Health Care Hotspotting in the United States
Rapidly rising health care costs in the United States have generated interest in identifying effective ways to improve the quality of care delivery and reduce waste within the health care system. In this ongoing study, researchers are evaluating the impact of a care management program that provides medical and social assistance to individuals with complex needs who incur high health care costs. Researchers will observe the program’s effects on health care utilization and cost, health, and psychosocial outcomes.
Rapidly rising health care costs in the United States are putting increasing pressure on patients, employers, and federal and state budgets. At the same time, there is widespread consensus that there are large pockets of waste in the health care system. This has generated interest in how to reduce costs and improve the quality of care delivery. Given that five percent of the U.S. population accounts for more than half of health care expenditures, there is particular interest in interventions targeting high-cost individuals. Healthcare “hotspotting” refers to a data-driven process for the identification of these high-cost individuals in a defined region of the health care system. It is used to guide targeted intervention and follow-up to better address patient needs, improve care quality, and reduce cost. Previous randomized evaluations suggest that care management interventions aimed at patients incurring the highest costs offer promising results, including significant reductions in subsequent admissions and mortality. Some have even found net reductions in medical expenditures. In this study, researchers will evaluate the impact of a three-month care management program that targets individuals with frequent emergency department visits and hospital admissions, or “super-utilizers” of the health care system. The study authors will measure the impact of the intervention on subsequent health care utilization.
In 2012, the median household income in Camden, New Jersey was $25,681 in comparison to $69,667 for the state of New Jersey overall.1 The percentage of individuals living below the federal poverty level was 39.3 percent in comparison to 10.8 percent for the state.2 Researchers will evaluate a program that targets very high-cost “super-utilizers” with complex medical and social needs. In order to be eligible for the care management intervention, an individual must have had at least two hospital admissions in the past six months, have at least two chronic conditions, and have at least five prescribed medications. In 2012, there were about 1,500 individuals in Camden with two or more hospital admissions within six months, and hospital bills for each of these individuals averaged $25,000. Despite representing two percent of the Camden population, these individuals accounted for more than one third of hospital receipts.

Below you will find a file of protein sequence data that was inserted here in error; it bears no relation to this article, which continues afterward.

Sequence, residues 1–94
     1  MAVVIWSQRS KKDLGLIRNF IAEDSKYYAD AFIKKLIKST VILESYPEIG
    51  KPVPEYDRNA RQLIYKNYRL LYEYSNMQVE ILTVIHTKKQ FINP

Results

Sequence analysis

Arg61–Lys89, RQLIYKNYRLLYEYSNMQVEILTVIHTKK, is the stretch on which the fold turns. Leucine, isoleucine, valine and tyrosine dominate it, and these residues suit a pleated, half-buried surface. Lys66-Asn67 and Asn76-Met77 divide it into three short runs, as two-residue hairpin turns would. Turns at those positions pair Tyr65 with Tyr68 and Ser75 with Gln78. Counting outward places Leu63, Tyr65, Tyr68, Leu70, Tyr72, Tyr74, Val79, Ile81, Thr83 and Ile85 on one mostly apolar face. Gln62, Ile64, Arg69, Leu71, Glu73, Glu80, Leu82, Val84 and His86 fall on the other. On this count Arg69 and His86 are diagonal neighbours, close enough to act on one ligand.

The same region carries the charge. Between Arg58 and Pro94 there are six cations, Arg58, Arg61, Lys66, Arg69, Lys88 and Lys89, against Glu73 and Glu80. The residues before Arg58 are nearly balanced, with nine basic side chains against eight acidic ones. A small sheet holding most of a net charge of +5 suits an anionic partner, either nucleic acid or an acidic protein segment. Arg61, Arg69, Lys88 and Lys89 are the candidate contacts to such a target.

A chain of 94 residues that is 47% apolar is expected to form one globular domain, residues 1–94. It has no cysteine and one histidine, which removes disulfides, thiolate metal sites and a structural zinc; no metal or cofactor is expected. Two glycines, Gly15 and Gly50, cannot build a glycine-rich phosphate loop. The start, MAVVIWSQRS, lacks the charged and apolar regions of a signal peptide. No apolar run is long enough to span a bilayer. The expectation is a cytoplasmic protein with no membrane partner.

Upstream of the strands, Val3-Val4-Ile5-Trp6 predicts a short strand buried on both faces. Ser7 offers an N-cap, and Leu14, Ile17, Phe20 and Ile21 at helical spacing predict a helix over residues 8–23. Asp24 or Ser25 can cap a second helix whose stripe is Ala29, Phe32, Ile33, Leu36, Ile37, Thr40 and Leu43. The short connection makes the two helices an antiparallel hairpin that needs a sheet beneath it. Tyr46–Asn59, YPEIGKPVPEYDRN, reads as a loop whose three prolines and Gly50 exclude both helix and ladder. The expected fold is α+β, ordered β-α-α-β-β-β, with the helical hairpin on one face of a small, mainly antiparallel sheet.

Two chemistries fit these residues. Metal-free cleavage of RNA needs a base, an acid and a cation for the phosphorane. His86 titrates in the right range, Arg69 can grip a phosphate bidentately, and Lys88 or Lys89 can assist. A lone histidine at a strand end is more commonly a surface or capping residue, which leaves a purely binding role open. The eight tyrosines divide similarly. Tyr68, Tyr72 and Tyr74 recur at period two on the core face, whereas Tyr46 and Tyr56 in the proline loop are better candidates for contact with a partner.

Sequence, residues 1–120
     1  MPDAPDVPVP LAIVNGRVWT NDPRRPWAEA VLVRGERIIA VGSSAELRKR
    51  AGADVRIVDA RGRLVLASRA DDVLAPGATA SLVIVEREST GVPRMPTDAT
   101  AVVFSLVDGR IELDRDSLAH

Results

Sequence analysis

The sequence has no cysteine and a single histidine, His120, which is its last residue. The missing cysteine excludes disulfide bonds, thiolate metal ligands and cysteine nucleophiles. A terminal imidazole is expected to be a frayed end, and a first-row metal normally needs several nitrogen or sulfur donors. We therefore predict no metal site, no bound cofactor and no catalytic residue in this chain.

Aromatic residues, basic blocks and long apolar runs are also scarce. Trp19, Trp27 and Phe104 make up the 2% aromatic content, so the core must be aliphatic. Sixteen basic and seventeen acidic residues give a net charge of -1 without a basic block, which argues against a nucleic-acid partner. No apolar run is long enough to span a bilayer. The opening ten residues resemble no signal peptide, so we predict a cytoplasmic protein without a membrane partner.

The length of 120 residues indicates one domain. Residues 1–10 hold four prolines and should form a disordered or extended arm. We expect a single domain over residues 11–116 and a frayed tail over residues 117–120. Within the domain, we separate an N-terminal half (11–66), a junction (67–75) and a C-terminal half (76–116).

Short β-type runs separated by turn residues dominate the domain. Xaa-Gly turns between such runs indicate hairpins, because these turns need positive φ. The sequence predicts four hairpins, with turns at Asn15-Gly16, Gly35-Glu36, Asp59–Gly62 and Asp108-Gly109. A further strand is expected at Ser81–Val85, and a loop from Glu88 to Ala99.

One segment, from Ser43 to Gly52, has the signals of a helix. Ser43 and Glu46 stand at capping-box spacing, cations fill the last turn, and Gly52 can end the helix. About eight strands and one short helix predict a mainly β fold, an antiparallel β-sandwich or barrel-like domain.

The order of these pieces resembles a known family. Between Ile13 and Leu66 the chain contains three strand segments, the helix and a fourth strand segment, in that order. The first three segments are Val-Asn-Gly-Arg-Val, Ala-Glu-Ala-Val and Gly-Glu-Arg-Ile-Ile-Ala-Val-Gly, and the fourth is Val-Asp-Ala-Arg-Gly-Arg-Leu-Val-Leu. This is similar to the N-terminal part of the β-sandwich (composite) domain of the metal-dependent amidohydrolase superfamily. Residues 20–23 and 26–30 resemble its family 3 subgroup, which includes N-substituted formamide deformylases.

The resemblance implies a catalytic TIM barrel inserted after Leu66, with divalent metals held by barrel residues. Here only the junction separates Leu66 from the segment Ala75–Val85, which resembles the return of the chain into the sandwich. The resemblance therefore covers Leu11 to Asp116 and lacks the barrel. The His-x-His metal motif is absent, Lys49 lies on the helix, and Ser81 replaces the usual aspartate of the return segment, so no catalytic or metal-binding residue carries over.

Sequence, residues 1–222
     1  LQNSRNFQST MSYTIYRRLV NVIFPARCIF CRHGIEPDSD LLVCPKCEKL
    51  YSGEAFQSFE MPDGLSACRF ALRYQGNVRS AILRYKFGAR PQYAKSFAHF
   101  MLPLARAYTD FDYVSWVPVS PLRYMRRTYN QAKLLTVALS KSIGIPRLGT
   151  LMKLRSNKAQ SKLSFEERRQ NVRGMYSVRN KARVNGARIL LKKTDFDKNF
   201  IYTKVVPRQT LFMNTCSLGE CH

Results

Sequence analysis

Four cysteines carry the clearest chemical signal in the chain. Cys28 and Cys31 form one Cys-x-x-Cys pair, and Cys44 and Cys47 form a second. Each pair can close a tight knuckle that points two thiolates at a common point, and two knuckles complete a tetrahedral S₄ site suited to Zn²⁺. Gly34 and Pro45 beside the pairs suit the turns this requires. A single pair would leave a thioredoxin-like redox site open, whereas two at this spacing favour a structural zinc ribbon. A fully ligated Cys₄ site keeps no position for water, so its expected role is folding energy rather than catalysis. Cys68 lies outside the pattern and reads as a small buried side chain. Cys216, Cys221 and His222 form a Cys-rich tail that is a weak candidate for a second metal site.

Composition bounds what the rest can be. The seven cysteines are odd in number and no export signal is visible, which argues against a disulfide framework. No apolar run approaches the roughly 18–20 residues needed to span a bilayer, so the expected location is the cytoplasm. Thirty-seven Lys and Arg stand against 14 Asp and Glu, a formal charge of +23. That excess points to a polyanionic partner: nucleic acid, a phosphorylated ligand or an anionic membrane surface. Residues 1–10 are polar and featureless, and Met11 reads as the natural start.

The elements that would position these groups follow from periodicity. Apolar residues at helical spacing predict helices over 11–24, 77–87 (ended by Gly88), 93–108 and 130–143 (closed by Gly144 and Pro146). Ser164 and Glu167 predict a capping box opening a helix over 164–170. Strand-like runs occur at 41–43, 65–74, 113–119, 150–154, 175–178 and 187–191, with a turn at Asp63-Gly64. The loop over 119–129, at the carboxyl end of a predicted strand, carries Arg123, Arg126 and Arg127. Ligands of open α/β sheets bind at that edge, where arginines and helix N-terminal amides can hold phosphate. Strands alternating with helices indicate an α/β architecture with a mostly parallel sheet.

Researchers will evaluate the impact of a care management program on health care utilization and cost, health, and psychosocial outcomes. Patients who are eligible and choose to participate in the program will be randomly divided into two groups: a treatment group that receives the care management intervention and a control group that will not be enrolled in the program. The intervention includes not only medical management, but also assistance in accessing social programs such as Supplemental Security Income (SSI), Supplemental Nutrition Assistance Program (SNAP), Temporary Assistance for Needy Families (TANF), Medicaid, and transportation and housing assistance. A team of registered nurses, social workers, licensed practical nurses, and community health workers address individualized patient needs as they transition from being in the hospital to being at home, with the goal of establishing ongoing outpatient care and social support. The intervention will last between one and three months, will typically involve three to ten home visits, and will aim to improve health and reduce future hospital use.
Project ongoing, results forthcoming.